Determination of the angle between the acceptor and anticodon stems of a truncated mitochondrial tRNA

Ashley A. Frazer-Abel, Paul J Hagerman

Research output: Contribution to journalArticlepeer-review

37 Scopus citations


Significant departures from the canonical (cloverleaf) secondary structure of transfer (t)RNAs can be found among the mitochondrial (m)tRNAs of higher metazoans; these mtRNAs thus pose a challenge to the concept of an invariant, L-shaped tertiary conformation for all tRNAs. For bovine mtRNA(Ser)(AGY), which lacks the entire 'dihydrouridine' (dhU) arm, two distinct tertiary models have been proposed: the first model preserves the L-shaped conformation at the expense of overall size; the second model preserves the absolute distance between the 3' terminus and the anticodon loop, while allowing the acceptor-anticodon interstem angle to vary. We have tested the central predictions of these two models by performing a series of transient electric birefringence measurements on bovine mtRNA(Ser)(AGY) constructs in which the aminoacyl-acceptor and anticodon stems were each extended by ~70 bp. This mtRNA species is particularly amenable to analysis, since the native bovine (heart) mtRNA is completely unmodified outside of the anticodon loop. For magnesium ion concentrations above 1 mM, the interstem angle for the extended mtRNA, 120 (±5)°, is approximately 50% larger than the corresponding angle for yeast tRNA(Phe) (70-80°) under the same ionic conditions. Furthermore, the interstem angles of the two tRNAs exhibit strikingly different responses to the addition of magnesium ions: the interstem angle for yeast tRNA(Phe) is reduced by nearly 50% upon addition of 2 mM magnesium ions, whereas the angle for mtRNA(Ser)(AGY) increases by about 10%. Our data thus support a central prediction of the second model; namely, that truncated mtRNAs will possess more open interstem angles. In addition, we demonstrate that birefringence amplitude data can be used to provide model-independent estimates for the interstem angles.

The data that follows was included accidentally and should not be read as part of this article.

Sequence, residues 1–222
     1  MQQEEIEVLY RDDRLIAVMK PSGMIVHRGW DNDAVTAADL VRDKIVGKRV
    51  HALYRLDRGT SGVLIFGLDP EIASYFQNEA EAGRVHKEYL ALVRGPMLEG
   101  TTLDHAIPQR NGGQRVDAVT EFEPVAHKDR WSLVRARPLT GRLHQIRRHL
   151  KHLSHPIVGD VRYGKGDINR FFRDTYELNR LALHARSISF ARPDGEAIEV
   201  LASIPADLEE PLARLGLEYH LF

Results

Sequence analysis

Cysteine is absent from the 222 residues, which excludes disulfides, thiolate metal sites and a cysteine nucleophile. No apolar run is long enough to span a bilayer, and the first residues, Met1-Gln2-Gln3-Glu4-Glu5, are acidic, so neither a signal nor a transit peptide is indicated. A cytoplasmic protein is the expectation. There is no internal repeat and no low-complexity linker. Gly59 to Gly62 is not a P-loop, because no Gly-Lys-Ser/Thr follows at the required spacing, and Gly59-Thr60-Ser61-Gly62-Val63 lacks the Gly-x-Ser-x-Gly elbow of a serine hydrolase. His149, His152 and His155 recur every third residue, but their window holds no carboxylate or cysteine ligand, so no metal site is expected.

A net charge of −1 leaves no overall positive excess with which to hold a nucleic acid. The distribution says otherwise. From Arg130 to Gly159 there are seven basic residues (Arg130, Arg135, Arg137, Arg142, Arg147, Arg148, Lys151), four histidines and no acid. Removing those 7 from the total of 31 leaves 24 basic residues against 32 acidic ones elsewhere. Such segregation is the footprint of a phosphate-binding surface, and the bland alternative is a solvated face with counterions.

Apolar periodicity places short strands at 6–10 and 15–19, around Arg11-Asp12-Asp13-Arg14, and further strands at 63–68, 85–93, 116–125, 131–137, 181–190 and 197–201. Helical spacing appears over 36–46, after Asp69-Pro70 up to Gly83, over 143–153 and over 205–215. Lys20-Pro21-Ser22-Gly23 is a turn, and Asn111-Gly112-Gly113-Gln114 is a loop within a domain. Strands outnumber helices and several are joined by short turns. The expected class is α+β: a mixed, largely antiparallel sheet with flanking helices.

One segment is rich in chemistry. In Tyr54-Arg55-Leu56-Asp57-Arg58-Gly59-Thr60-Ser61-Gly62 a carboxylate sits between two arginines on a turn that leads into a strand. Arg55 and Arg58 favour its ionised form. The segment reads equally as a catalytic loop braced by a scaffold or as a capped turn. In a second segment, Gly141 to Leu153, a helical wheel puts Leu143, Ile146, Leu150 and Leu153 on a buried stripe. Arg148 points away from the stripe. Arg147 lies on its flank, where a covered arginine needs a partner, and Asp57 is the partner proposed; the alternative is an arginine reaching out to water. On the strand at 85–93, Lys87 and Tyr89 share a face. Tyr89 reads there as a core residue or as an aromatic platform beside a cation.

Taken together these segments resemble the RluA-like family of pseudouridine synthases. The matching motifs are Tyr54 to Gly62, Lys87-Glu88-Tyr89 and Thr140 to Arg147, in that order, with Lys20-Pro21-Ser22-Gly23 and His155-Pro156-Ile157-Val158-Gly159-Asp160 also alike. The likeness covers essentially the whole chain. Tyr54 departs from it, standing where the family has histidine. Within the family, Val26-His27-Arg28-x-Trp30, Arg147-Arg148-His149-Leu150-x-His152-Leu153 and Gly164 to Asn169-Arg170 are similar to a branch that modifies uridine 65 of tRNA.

Original languageEnglish (US)
Pages (from-to)581-593
Number of pages13
JournalJournal of Molecular Biology
Issue number2
StatePublished - Jan 15 1999
Externally publishedYes


  • Birefringence
  • Evolution
  • RNA structure
  • Transcription
  • Translation

ASJC Scopus subject areas

  • Virology


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